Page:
Yesterday morning I participated in the tools demo at “Digital Blackness in the Archive: A Documenting the Now Symposium.” During the breakout I had the opportunity to chat with a number of fellow participants about social media data. In a handful of those discussions, I answered questions about the difference between social media collected from a social media platform’s APIs and social media collected via web capture. Inspired by this, I thought I would write it up in this post.
I’m simplifying a bit here, but there are two mechanisms for interacting with social media platforms. The first is via the website. The website delivers social media content as HTML (and CSS and JS and other) for rendering via browsers. The second is via their APIs (short for “Application Programming Interfaces”). The API delivers social media content as structured text (generally JSON) for consumption by software (such as an app on your phone).
Web archives collect social media content from the website by (again, simplifying) either pretending to be a browser or using a real browser, making a request for web pages, and recording all of the files that the website returns. These files can then be played back to re-enact the experience of using the website at the time the capture occurred. Rhizome’s WebRecorder and Internet Archive’s Archive-It are examples of tools/services that perform web capture; Rhizome’s Webrecorder Player for Desktop and Internet Archive’s Wayback Machine are examples of tools that perform playback.
Social media archives collect social media content from the API by making calls to the API and recording the returned data. These files are just data; there is no playback. DocNow’s Twarc and our Social Feed Manager are examples of social media API collecting tools.
For comparison, here is live tweet embedded in this post:
That same tweet archived by the Internet Archive is: http://web.archive.org/web/20171213144402/https://twitter.com/justin_littman/status/940614634163326976. (Notice the imperfect re-creation of the original tweet.)
And here’s the same tweet retrieved from Twitter’s API with Twarc: https://gist.github.com/justinlittman/219f21f3cf9d763405985875c7802048
Web archives and social media API archives should be thought of as complementary. However, if your primary interest is in the experience of a social media platform, i.e., the “look and feel”, then web capture will be more useful. If your primary interest is in social media as data, e.g., to apply computational techniques, then API-collected social media will be more useful.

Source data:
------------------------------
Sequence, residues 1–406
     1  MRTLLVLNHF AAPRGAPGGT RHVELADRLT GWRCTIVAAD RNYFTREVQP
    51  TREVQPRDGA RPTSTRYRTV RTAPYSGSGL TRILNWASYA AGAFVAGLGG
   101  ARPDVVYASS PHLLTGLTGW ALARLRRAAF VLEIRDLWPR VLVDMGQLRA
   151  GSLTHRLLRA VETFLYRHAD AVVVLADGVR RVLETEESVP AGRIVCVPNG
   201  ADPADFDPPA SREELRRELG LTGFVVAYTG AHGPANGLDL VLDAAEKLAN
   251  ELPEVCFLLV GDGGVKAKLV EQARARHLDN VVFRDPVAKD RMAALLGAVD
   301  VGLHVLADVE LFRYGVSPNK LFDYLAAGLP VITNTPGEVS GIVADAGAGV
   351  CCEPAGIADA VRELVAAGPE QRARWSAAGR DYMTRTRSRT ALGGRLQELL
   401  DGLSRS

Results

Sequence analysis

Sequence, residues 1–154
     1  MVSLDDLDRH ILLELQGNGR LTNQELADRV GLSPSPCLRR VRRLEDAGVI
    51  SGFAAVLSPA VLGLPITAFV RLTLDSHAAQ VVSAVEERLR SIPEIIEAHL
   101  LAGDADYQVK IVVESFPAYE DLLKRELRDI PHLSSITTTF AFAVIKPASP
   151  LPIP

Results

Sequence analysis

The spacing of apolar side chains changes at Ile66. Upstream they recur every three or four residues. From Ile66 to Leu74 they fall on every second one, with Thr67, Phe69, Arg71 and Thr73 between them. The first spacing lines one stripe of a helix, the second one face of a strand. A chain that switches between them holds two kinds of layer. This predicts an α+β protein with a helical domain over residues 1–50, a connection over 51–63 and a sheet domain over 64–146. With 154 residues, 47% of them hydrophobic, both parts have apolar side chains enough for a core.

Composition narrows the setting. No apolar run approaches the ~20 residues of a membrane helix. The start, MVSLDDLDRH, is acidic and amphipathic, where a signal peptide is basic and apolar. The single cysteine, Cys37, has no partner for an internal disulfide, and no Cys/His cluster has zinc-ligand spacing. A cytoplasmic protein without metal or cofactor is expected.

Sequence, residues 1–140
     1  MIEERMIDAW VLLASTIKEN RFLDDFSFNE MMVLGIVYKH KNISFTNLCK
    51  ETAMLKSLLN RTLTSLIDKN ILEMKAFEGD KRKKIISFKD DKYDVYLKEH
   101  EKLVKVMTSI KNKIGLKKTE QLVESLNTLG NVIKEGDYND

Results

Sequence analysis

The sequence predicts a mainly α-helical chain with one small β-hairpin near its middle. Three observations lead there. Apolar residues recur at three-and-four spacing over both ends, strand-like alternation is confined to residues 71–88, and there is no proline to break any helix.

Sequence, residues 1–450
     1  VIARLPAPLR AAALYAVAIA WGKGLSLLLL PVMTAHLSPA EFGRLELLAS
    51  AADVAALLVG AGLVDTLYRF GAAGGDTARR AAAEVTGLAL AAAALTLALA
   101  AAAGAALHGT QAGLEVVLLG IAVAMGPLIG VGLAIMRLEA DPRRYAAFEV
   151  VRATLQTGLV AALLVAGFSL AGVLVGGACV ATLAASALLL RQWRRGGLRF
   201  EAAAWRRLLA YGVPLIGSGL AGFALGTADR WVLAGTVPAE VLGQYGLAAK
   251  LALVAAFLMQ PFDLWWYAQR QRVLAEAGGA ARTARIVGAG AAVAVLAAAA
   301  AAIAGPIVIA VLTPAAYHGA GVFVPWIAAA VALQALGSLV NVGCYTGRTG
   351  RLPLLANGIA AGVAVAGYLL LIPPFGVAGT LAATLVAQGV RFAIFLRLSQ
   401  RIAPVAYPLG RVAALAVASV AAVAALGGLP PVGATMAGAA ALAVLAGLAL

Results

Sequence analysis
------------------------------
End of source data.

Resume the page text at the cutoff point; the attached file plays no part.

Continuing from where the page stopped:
There are some additional distinctions that are worth noting:
- APIs allow some forms of broad collecting that aren’t possible/easy with web capture. For example, with the Twitter API it is possible to capture tweets by hashtag or term.
- Each social media API is different and therefore requires different software. In general, the same web capture technique can be used with a web array of websites.
- APIs and websites may expose different metadata/data. For example, there is some tweet metadata that is available from the Twitter API, but not the website.
- Social media APIs and websites are often governed by different terms or policies.
- Social media websites are constantly being tweaked; APIs change infrequently and changes are announced in advance.
- Not all social media platforms provide a public API; in some cases, the API is only reserved for business partners.
One final word on web capture: For individual use or use with social media sites, I always recommend Rhizome’s tools. Because of their origins in capturing online art, they have invested significant effort in accurate capture and playback. Also, their approach is especially well suited for social media sites, which rely heavily on scripting which confounds other web capture approaches. For institutional use, Internet Archive’s ArchiveIt service is the go-to.